Purpose: To report a post-refractive surgery patient with central vision loss not correctable by refraction, subsequently found to have alkyl nitrite (“poppers”) maculopathy.
Case report: A 35-year old male with a history of bilateral refractive surgery presented with sudden onset of bilateral central vision loss. His symptoms were unable to be corrected with refraction. On initial history, he denied the use of any medications or recreational drugs. He was referred for spectral domain optical coherence tomography (SD-OCT), which showed disruption of the foveal photoreceptor outer segments in both eyes. Upon further questioning, he admitted to the use of alkyl nitrites – colloquially known as “poppers” – 12 hours prior to the onset of visual symptoms. The patient was counselled on the guarded prognosis of this condition and was agreeable to ongoing follow-up with interval SD-OCT to monitor for potential resolution of the outer retinal changes.
Conclusion: A case of “poppers maculopathy” on a recent background of refractive surgery is presented, highlighting the importance of taking a detailed clinical and social history in patients with unexplained vision loss that cannot be improved with refraction.
Keywords: Post-refractive, Poppers maculopathy, Alkyl nitrite toxicity
“Poppers” are recreational drugs that are inhaled to produce euphoria and muscle relaxation . They have been available for several decades, with a side effect profile including hypotension, headache, and tachycardia. Curiously, the first case of popper-related maculopathy was only reported in 2004 - since then, this disease has become increasingly diagnosed over the last decade . In fact, recent data has shown that the lifetime usage of poppers is higher than expected with 5-6% of French teenagers 6 and 60% of homosexual males in Australia admitting to having previously used alkyl nitrites . This change in frequency is thought to be for several reasons, including improved detection by newer spectral domain optical coherence tomography (SD-OCT) technologies, recent changes in alkyl nitrite formulation from isobutyl to isopropyl nitrite, and the increased use of recreational drugs among the general population [4-7].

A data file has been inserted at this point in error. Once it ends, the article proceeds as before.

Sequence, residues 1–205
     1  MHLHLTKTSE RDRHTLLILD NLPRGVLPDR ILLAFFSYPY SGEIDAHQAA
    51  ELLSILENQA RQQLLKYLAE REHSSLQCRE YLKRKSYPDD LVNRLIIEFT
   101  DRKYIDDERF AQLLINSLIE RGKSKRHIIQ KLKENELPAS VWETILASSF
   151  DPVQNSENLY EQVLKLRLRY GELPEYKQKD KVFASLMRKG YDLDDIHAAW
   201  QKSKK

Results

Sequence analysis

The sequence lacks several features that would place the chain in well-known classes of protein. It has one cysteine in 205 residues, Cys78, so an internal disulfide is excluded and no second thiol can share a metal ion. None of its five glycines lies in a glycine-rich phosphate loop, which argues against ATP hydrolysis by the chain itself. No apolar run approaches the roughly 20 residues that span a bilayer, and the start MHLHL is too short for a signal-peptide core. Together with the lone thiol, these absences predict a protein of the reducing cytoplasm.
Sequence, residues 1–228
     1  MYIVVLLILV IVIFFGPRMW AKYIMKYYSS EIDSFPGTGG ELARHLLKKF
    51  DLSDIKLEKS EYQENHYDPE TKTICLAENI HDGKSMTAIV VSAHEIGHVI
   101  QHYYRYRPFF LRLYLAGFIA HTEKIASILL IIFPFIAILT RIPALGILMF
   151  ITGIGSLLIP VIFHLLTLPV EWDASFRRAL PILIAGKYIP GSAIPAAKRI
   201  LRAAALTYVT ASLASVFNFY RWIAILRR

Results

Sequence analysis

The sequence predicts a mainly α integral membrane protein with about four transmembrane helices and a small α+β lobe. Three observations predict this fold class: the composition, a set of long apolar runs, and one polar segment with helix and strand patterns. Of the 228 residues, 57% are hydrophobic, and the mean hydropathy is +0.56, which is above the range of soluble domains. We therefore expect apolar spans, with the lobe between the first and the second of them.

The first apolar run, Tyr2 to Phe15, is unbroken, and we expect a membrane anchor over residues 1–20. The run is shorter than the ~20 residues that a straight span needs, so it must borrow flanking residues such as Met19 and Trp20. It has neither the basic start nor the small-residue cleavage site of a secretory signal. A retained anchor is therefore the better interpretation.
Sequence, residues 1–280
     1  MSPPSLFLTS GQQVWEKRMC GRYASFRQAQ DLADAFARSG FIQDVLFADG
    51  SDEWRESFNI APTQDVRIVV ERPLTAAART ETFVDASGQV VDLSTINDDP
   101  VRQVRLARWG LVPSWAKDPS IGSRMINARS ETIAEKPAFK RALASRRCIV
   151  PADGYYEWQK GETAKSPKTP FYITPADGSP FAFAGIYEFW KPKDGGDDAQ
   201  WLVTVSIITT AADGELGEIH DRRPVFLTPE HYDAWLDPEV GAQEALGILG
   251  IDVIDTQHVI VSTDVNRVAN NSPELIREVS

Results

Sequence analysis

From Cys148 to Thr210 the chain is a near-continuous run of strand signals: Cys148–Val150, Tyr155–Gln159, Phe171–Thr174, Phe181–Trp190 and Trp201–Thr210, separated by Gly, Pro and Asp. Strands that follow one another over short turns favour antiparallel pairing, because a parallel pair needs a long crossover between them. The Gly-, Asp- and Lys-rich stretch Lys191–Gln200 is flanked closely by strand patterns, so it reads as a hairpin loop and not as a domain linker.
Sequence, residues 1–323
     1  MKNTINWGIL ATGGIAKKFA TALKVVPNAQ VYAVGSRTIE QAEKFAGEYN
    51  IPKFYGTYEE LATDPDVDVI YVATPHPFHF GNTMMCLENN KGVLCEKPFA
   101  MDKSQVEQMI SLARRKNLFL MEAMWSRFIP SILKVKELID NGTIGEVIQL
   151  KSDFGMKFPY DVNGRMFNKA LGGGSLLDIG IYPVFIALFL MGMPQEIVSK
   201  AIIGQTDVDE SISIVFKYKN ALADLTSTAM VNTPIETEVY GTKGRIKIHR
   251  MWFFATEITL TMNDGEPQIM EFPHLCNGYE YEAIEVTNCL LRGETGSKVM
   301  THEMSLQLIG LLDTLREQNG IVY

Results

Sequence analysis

As this entity is becoming increasingly recognised, it is essential for the ophthalmologist to be familiar with this diagnosis as a potential mechanism of acquired vision loss. Herein, we describe a case of “poppers” maculopathy that presented to the emergency ophthalmology clinic at a quaternary hospital center.
A 35-year old male presented with a 2-day history of sudden onset, constant central blur in both eyes. He denied any other visual symptoms, including photopsias or metamorphosia. There was no history of trauma. He was otherwise healthy and endorsed a history of refractive surgery in both eyes 1 year ago. He denied the use of any medications or recreational drugs, including alcohol and tobacco. His best-corrected visual acuity (BCVA) was 6/7.5 OU. Anterior segment examination was unremarkable. Ophthalmoscopy showed a small yellow dot in the fovea of both eyes. SD-OCT of both eyes (Figure 1) demonstrated disruption of the foveal photoreceptor outer segments.